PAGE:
Covariates about individual characteristics included age, sex, race or ethnicity, education level, smoking status, and drinking status. Individuals who were taking medications to reduce their blood pressure, plasma glucose, or improve their lipid profile were categorized as having hypertension, diabetes, or dyslipidemia, respectively, regardless of their measured values for blood pressure, plasma glucose, or serum lipids. Physicians measured arterial blood pressure three times to determine the average value. Plasma glucose levels were evaluated in NHANES using a modified hexokinase enzymatic method. Body Mass Index was calculated as weight divided by height squared. Enzymatic methods were used to measure serum triglycerides, and low HDL-C levels were assessed by precipitating other lipoproteins with a mixture of polyanions and divalent cations. Total daily energy intake (kcal) was recorded. All detailed measurement procedures are available at available. The detailed definition of disease (containing angina/angina pectoris, heart attack, coronary heart disease, hypertension and stroke) from NHANES database are shown in Supplementary Table 2.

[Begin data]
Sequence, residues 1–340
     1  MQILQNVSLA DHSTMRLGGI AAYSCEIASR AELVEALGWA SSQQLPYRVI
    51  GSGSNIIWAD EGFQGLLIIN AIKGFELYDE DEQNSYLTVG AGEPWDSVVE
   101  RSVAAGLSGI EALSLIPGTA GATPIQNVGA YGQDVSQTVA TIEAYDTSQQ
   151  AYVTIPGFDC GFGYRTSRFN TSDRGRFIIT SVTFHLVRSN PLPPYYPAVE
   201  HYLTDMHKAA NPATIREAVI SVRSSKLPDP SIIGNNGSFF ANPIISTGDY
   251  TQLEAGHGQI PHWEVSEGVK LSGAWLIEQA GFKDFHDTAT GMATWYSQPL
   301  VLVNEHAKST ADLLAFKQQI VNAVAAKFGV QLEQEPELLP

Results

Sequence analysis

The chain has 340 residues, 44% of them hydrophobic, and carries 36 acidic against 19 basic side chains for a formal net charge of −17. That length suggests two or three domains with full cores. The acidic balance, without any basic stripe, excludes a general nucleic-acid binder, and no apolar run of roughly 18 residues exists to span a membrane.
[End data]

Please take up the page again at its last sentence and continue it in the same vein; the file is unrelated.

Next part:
Statistical analysis

All analyses were performed with R (version 4.3.0) and accounted for the complex sampling design of the NHANES. To evaluate the demographic characteristics of participants based on their history of ASCVD, chi-square tests and t-tests were employed. The choline intake was divided into four quartiles and treated as categorical variables. We utilized multivariable logistic regression to determine the odds ratios (OR) and corresponding 95% confidence intervals (CI) for the relationships between choline intake and ASCVD or its components. Additionally, we employed multivariable linear regression to investigate the linear associations between choline intake and ASCVD. All analyses adjusted covariates for age, sex, race/ethnicity (Mexican American, other Hispanic, non-Hispanic White, non-Hispanic Black, or others), marital status (not living alone or living alone), physical activity (moderate or vigorous), drinking status (never or current drinker), and smoking status (never or current smoker).